Multidisciplinary research at Rochester Institute of Technology—marrying artificial intelligence and biomedicine—is at the heart of a $3 million project aimed at helping cardiac surgeons.
Linwei Wang, associate professor in RIT’s computing and information sciences Ph.D. program, leads a group of researchers and clinicians who are developing computational systems to create individualized 3D imaging of a patient’s heart. This type of model is expected to enable clinicians to study patients noninvasively, improving care for cardiac arrhythmia and other heart diseases.
“Clinicians want to see how arrhythmia affects the heart physically, which unfortunately means using a catheter as opposed to just an EKG or MRI scan,” Wang says. “With our digital imaging, surgeons can spend hours studying a model of the patient’s heart, better preparing them before and after the procedure—all without negatively affecting the patient.”
Funded by the National Institutes of Health, the project’s core is Wang’s work that uses artificial intelligence to discover new and better ways of understanding physics. Using the findings, Wang is integrating data into her models to make imaging that is more accurate than ever, RIT says.
“I’m interested in the bilateral connection between physics and data—in using data to improve physics-based modeling and learning physics from data,” Wang says. “Being able to apply what we learn to helping patients and addressing the challenges that clinicians face is motivating for me.”
Her prowess in the field has not gone unnoticed. Last year, Wang was honored with the Presidential Early Career Award for Scientists and Engineers. The highest honor given by the U.S. government to outstanding scientists and engineers early in their careers, the PECASE recognizes those who show promise for leadership in science and technology.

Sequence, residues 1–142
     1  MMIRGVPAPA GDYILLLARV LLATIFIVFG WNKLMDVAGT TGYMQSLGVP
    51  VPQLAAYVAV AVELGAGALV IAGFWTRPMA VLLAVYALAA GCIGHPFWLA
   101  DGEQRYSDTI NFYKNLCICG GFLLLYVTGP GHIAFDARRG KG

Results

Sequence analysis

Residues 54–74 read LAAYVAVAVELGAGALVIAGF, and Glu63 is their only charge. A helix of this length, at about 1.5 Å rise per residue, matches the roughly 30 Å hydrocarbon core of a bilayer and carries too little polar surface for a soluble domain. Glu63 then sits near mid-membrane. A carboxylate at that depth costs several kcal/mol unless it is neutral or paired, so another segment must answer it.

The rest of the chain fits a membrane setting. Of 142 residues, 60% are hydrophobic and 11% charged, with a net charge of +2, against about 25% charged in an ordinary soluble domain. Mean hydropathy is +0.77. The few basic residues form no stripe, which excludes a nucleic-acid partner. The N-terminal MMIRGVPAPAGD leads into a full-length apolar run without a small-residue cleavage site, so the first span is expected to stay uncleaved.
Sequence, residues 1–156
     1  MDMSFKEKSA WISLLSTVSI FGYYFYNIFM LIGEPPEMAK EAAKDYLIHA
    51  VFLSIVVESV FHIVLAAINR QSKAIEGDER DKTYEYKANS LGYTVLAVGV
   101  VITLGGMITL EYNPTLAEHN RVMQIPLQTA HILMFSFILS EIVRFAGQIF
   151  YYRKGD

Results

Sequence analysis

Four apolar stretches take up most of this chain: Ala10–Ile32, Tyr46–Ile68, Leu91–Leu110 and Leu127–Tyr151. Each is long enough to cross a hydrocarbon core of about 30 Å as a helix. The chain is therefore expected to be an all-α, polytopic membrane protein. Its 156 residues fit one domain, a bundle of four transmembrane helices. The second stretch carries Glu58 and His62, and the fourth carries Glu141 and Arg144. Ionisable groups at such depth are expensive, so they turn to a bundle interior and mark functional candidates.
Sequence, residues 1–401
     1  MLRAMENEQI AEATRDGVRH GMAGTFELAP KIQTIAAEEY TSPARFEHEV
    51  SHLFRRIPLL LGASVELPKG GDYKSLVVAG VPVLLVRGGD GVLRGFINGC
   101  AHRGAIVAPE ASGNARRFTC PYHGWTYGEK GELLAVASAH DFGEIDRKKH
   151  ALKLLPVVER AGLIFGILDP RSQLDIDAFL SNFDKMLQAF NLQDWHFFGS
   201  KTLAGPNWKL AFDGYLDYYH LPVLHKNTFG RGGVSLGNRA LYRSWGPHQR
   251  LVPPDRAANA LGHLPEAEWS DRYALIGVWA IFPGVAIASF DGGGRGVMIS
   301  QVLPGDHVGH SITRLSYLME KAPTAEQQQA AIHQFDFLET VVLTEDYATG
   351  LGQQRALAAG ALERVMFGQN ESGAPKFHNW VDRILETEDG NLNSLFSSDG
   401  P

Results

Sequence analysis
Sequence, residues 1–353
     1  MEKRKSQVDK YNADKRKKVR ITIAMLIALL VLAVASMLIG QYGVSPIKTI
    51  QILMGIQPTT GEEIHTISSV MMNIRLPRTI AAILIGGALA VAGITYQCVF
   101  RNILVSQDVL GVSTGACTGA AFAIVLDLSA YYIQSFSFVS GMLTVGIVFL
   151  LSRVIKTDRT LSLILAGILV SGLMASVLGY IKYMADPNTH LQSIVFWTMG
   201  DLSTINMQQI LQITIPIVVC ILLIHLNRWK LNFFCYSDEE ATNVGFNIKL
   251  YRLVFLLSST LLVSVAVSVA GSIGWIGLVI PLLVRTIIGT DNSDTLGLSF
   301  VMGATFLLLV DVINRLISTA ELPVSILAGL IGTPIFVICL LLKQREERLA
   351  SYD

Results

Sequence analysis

Wang, who is director of RIT’s Computational Biomedicine Laboratory, values a multidisciplinary approach to solving research problems. It is how she trains her doctoral students and is the cornerstone of this project as well.
She collaborates with experts in patient-specific cardiac modeling and high-performance computing to develop uncertainty quantification techniques. Leveraging advances in active machine learning, these techniques allow for the propagation of uncertainty from the data used to model elements and create predictions, determining the likelihood of certain outcomes.
This will help address the variability in personalized virtual organ models and help remove the major roadblock to widespread adoption of these models in decision support, Wang says.
The interdisciplinary approach goes a step further. Wang’s team is also working with clinicians to integrate physics knowledge into the development of machine learning methods, including learning to disentangle physiological factors of inter-subject variations from clinical data.
This method will help the team to develop a computer tool to provide real-time automatic guidance during the ablation procedure, often used to stop abnormal electrical signals in the heart that cause irregular heartbeats.
Tapping the potential of artificial intelligence and applying it to medicine is a growing field of inquiry. Using AI for medical imaging through 3D models, for example, can help lower exposure to radiation by creating 3D models from X-ray images, reducing the need for computed tomography or magnetic resonance imaging scans.
Wang’s work in Rochester is a response to the need for smart tools that improve diagnosis and patient care.
“Dr. Wang is a pleasure to work with—we are collaborating to find new ways to understand and image the short circuits in the heart which can cause dangerous heart rhythms,” says John Sapp M.D., professor of medicine at Dalhousie University in Nova Scotia, Canada. “If we can identify where the short circuits are, we may be able to find ways to fix them.”
Smriti Jacob is Rochester Beacon managing editor.